-If you feel you have hemorrhoids and need treatment, please visit Dr.Paul Kattupalli for a personal examination.

-Hemorrhoids are dilated submucosal vessels in the anus

-Hemorrhoids that originate above the dentate line are “internal” and those that originate below are “external.”

Internal hemorrhoids are arteriovenous communications between terminal branches of the superior rectal artery and rectal veins; they are covered with mucosa and transitional zone epithelium.

-External hemorrhoids arise from the inferior hemorrhoidal veins located below the dentate line; they are covered with squamous epithelium.

-Three main hemorrhoidal complexes traverse the anal canal—the left lateral, the right anterior, and the right posterior. Engorgement and straining lead to prolapse of this tissue into the anal canal.

-Hemorrhoids normally appear at 3 o’clock (when patients are in the lithotomy position), 7 o’clock, and 11 o’clock positions around the anus.

-Staging of hemorrhoids:

Stage I: Enlargement with bleeding

Stage II: Protrusion with spontaneous reduction

Stage III: Protrusion requiring manual reduction

Stage IV: Irreducible protrusion

Risk factors: Straining at stool, constipation, prolonged sitting, pregnancy, obesity, and low-fiber diets

Symptoms & Signs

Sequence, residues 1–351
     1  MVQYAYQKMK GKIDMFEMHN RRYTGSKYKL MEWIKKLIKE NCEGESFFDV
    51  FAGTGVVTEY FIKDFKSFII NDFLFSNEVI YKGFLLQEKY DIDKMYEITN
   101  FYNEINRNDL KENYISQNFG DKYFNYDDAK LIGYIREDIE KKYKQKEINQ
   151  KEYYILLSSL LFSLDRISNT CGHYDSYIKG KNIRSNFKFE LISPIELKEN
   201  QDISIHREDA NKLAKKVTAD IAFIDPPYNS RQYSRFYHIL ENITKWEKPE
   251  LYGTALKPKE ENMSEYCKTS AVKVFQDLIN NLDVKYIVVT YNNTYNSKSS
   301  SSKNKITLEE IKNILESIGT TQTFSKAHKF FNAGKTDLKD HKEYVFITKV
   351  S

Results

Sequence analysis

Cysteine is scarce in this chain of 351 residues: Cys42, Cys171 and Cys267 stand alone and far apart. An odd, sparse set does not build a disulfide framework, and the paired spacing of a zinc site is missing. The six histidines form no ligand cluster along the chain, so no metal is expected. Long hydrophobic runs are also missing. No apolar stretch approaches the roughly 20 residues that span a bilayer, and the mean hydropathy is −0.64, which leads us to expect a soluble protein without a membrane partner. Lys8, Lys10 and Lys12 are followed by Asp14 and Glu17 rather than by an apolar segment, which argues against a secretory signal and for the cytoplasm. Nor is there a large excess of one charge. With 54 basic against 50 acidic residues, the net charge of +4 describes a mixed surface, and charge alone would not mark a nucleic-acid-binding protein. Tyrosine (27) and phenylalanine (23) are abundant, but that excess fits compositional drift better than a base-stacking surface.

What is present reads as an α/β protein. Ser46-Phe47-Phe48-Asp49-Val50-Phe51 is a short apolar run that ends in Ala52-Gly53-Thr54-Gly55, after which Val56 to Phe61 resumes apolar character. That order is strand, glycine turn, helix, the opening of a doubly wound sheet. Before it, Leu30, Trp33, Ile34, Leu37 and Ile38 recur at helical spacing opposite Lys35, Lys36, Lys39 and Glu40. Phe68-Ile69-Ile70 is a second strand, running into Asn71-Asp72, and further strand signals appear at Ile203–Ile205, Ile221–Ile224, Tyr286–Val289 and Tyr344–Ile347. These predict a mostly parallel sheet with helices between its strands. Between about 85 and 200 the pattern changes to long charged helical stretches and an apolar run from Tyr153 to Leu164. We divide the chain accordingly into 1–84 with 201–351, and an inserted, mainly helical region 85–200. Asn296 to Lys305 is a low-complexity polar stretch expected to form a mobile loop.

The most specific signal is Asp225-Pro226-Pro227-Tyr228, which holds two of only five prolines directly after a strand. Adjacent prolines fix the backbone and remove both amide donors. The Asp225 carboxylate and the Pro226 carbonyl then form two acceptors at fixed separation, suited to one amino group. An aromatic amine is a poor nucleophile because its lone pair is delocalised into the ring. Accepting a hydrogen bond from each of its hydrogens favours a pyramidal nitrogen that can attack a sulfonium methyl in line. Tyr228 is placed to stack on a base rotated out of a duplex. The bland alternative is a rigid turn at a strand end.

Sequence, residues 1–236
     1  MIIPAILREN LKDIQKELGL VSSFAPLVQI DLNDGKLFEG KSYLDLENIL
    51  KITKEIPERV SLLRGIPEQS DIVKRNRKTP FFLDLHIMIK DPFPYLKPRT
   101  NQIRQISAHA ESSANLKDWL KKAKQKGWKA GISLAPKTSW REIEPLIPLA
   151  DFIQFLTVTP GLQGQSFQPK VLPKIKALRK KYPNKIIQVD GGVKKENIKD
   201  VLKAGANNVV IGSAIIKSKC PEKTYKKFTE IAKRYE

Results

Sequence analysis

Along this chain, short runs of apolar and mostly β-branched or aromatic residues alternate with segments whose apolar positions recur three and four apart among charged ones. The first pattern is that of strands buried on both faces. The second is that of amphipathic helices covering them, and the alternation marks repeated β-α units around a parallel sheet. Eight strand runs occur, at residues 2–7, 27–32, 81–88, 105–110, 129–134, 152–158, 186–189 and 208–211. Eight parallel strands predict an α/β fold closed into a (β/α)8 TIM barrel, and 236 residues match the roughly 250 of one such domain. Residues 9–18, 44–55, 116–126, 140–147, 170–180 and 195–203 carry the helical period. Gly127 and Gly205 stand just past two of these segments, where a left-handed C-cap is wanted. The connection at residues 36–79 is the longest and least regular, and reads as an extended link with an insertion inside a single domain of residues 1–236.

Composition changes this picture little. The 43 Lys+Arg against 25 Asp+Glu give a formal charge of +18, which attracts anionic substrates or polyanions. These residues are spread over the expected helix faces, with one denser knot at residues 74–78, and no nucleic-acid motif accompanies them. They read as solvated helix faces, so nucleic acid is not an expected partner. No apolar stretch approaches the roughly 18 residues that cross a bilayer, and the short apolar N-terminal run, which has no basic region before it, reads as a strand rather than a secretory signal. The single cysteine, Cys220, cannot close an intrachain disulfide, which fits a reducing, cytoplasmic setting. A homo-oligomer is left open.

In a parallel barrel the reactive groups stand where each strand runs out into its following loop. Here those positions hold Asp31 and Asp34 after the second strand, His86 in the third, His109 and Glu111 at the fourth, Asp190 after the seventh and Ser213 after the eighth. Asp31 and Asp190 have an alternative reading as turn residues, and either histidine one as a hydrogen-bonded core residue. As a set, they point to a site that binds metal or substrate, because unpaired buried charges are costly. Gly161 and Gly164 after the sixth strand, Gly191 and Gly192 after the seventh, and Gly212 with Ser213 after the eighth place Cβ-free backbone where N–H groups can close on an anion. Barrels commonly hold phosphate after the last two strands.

Hemorrhoids are usually asymptomatic. Painless bright red blood seen either in the toilet or upon wiping when the blood vessel ruptures.Both internal and external hemorrhoids may develop a thrombosis, which causes significant pain.

External hemorrhoids:  mild pain, bright red rectal bleeding. Severe pain suggests thrombosis in the hemorrhoid.

Internal hemorrhoids: bleeding, fullness, discomfort, mucoid discharge,irritation of perianal skin, soiling of underclothes.

Diagnosis: Perianal inspection, anoscopy; Internal hemorrhoids are not readily palpable and can best be visualized through an anoscope. External hemorrhoids can be seen on external inspection.


Conservative measures: increase fluid intake with meal, eat a high-fiber diet, sitz baths, stool softeners

Medical Treatment: Injection sclerotherapy, rubber band ligation, or application of electrocoagulation (bipolar cautery or infrared photocoagulation), hydrocortisone, Preparation H, Anusol HC, Proctofoam.

Surgical Treatment: excisional hemorrhoidectomy, transhemorrhoidal dearterialization (THD), or stapled hemorrhoidectomy

Endoscopy: Older patients who have not had colorectal cancer screening should undergo colonoscopy or flexible sigmoidoscopy.


Although the most common cause of bright red rectal bleeding is hemorrhoids, tumors must be ruled out as a cause of rectal bleeding in patients >40 years of age.

  1. Majority of hemorrhoids are internal or external? Internal
  2. Why are uncomplicated internal hemorrhoids painless? due to visceral innervation and lack of sensory innervation.
  3. What do you consider in a patient with frequent diarrhea and hemorrhoids? Inflammatory bowel disease
  4. What is the most common cause of symptomatic hemorrhoids? Pregnancy
  5. What is the best means of definitive therapy for hemorrhoids? Hemorrhoidectomy

Q.What is the objective of sitz baths? to relax anal sphincter

Polyps of the colon

Colon cancer is the third most common cancer in the United States. If you want to schedule a colonoscopy with Dr.Paul Kattupalli, please call our office.